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Victims of Intimate Partner Violence, Male and Female, More Prone to Health Problems

January 13, 2010
by Melissa Pheterson

Men and women in intimate relationships marked by violence are more likely to contend with both mental and physical health problems, a Yale-led study has found.

Exposure to intimate partner violence (IPV), from physical assault to emotional abuse, has been known to affect as many as half of all women in the United States over their adult lifetimes, raising their risk of adverse health conditions such as injury and depression. Studies also show that adults who report childhood abuse displayed similar poor health status.

To confirm the link between IPV and poor health outcomes, and assess whether the threat looms larger for women, the researchers culled data from a national survey given to over 8,000 young adults with histories of sexual relationships. The questions addressed childhood maltreatment, health status prior to IPV and timing and type of IPV.

“The results have increased our confidence that IPV is a causal factor in leading to poor health outcomes during adulthood,” said senior author Jason Fletcher, assistant professor in the division of Health Policy and Administration. The study appears online in the journal Social Science & Medicine.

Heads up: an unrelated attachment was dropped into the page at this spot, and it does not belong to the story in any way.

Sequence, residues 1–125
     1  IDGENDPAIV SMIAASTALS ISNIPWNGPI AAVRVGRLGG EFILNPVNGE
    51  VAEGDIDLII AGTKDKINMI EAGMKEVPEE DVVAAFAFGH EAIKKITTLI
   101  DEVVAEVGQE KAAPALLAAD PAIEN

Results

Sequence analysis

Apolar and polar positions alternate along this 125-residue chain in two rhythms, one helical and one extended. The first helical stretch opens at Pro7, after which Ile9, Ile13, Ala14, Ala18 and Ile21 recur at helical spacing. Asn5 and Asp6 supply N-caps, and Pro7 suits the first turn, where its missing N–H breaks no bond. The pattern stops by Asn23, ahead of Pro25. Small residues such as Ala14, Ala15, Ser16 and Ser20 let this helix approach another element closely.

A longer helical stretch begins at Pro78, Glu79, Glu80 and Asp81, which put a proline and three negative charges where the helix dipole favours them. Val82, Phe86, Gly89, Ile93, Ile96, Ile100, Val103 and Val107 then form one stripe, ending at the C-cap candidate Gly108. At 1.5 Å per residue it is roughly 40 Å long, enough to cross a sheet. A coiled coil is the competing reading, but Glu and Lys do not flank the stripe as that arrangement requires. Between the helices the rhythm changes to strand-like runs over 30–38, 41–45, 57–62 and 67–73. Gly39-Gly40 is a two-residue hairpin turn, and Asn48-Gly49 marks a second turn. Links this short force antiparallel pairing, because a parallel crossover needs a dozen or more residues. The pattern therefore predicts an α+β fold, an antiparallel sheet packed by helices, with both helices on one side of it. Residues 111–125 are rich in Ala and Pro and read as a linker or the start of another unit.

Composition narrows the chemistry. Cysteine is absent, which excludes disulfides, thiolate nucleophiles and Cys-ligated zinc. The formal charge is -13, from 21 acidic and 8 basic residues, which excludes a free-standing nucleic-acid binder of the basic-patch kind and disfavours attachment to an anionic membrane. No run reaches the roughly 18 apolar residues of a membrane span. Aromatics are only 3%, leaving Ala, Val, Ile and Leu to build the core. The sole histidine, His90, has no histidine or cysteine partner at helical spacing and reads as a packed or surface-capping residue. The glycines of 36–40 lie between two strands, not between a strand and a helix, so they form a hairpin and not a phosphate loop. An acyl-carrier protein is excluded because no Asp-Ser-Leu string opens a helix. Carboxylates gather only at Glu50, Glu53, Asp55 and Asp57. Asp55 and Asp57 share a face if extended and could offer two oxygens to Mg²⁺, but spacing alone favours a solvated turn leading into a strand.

Because the study was also able to compare a significant number of siblings, the importance of IPV was affirmed “even after accounting for other environmental and family factors such as disadvantaged neighborhoods with high crime and disadvantaged households,” which have the potential to obscure cause-and-effect relationships, Fletcher said.

He noted that one of the surprise findings was the lack of variability between males and females in reported rates of IPV exposure and health outcomes.

“The typical finding is that females have much higher likelihood of exposure, and exposure has more severe repercussions for females,” he said. “But our data shows that IPV reduces health similarly in all those who are exposed.”

This study may prompt a rethinking of conventional wisdom surrounding interventions, he added.

“Developing effective interventions is an important next step to this research,” Fletcher said. “The results do suggest, though, that broad-based support efforts, rather than efforts targeted to females and individuals with histories of child abuse, may be necessary.”

Submitted by Denise Meyer on July 09, 2012